“Hi, Mr. President!”
Fictive interaction blends as a unifying rhetorical strategy in satire
What makes The Daily Show with Jon Stewart so successful as social and political satire? Rhetorical theorists and critics have identified several mechanisms for satisfying the show’s satiric and parodic aim, which include parodic polyglossia, contextual clash, and satirical specificity (Waisanen, 2009). We present a unified account of meaning construction that encompasses these three mechanisms within the framework of blended fictive interaction (Pascual, 2002, 2008ab). Satire results from emergent effects of different conceptual configurations that have to be in place to integrate a pastiche of speech whose provenance originates in different and diverse contexts and genres. The integration of contradictory, conceptually disjointed pieces of discourse under the governing structure of the conversation frame accounts for the show’s most conspicuous satirical moments. These imagined interactions highlight facets of the real world for critical commentary. The thick description of an influential Daily Show segment deepens our understanding of contemporary political satire.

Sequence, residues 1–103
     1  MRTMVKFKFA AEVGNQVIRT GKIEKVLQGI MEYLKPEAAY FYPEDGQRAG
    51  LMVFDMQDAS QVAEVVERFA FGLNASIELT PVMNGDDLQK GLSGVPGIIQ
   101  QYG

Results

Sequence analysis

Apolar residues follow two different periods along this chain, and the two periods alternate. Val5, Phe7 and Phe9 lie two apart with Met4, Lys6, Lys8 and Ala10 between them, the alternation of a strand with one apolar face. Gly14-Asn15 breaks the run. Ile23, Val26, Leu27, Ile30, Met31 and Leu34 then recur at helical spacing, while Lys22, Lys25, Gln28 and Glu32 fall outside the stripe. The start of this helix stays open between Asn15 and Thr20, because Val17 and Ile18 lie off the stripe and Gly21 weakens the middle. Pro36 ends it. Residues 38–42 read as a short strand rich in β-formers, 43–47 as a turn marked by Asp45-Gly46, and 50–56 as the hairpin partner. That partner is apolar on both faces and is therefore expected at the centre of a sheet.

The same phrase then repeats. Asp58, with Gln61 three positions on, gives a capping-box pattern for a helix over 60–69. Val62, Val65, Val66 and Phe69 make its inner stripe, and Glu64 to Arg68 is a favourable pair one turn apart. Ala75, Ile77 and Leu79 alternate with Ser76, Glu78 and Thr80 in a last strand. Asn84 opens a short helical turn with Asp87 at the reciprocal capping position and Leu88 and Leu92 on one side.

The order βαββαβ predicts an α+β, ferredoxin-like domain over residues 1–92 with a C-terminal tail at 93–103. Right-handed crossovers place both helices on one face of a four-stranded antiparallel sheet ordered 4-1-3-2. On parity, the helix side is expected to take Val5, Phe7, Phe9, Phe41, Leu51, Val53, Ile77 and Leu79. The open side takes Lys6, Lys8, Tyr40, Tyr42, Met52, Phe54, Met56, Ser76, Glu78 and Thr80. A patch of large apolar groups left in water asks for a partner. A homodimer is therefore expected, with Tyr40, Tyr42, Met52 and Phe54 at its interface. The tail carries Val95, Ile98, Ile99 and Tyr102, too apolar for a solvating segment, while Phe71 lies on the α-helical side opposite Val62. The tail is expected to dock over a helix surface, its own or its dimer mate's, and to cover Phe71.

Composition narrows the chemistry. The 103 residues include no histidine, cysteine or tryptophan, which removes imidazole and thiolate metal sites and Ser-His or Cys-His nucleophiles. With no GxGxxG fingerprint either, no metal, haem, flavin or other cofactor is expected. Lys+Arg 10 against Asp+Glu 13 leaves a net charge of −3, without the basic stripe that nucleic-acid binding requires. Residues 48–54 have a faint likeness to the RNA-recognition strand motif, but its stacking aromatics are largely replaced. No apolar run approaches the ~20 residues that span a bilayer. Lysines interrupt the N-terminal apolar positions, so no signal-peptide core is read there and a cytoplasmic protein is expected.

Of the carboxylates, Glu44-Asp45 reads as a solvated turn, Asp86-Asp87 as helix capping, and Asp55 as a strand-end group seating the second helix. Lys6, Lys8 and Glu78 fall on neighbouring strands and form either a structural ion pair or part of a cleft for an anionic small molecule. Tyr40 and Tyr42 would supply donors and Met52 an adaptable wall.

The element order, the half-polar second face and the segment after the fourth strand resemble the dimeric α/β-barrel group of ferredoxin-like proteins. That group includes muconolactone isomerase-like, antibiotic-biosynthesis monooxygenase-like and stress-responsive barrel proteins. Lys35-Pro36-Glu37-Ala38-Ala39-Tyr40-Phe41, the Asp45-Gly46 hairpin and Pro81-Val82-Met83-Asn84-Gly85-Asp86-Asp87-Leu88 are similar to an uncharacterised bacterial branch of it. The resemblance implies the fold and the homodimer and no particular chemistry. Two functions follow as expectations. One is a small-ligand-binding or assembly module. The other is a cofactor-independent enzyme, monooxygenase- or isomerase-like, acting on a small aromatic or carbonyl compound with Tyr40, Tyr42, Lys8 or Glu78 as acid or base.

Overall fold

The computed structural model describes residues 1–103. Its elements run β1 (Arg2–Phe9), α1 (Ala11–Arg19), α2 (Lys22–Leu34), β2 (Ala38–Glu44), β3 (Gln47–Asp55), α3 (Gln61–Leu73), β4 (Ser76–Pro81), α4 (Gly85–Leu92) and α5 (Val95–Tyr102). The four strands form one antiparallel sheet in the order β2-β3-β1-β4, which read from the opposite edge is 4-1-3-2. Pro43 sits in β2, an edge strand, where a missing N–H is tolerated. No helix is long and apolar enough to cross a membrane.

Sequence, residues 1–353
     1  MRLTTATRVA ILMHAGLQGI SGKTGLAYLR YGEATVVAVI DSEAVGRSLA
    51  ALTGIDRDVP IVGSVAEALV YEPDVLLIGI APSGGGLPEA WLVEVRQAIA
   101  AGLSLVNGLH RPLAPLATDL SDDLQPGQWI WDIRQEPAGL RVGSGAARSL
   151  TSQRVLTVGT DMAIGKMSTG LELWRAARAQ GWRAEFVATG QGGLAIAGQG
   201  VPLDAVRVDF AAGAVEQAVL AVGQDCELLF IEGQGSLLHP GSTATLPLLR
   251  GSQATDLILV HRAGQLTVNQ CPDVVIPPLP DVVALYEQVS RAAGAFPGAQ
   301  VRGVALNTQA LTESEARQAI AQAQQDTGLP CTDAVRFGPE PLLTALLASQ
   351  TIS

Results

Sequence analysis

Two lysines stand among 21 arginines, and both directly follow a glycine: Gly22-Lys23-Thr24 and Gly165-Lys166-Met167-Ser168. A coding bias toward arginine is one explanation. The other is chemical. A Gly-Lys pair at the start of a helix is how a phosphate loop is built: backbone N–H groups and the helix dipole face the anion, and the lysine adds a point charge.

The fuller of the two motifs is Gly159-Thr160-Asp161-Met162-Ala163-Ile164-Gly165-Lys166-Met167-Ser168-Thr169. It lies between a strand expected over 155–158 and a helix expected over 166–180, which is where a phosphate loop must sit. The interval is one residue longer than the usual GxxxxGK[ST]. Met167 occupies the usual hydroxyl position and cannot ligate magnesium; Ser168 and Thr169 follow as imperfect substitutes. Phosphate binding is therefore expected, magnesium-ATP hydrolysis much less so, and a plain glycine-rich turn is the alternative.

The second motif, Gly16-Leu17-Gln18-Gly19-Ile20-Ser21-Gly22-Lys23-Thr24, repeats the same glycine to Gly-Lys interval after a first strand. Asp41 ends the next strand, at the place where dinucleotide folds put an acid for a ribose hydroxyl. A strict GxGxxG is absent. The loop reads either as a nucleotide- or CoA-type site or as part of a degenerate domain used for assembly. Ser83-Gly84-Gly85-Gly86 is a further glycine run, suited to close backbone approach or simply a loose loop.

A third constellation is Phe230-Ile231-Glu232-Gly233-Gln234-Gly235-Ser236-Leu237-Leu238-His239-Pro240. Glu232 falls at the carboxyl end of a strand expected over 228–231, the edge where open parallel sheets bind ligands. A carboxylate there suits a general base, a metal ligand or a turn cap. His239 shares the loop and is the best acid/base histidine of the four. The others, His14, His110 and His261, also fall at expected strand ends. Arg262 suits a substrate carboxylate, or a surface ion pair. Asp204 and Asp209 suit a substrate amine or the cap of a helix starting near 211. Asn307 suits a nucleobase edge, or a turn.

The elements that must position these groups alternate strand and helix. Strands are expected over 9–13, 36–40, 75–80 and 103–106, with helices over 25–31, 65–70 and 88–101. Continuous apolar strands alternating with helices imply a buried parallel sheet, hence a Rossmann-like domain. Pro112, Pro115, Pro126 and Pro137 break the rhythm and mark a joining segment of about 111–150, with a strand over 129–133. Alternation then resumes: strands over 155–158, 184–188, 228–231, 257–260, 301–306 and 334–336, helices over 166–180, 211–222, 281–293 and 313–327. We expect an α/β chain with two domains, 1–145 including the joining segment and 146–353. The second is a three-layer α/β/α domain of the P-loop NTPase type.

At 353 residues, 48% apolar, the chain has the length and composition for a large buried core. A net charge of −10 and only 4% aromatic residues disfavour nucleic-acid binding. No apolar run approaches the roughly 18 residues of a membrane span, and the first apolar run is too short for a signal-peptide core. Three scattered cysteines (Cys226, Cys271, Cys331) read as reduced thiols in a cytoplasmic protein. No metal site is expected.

Keywords: fictive interaction networks, late-night satirical political entertainment television shows, parodic polyglossia, satirical specificity, contextual clash
Published online: 17 August 2020
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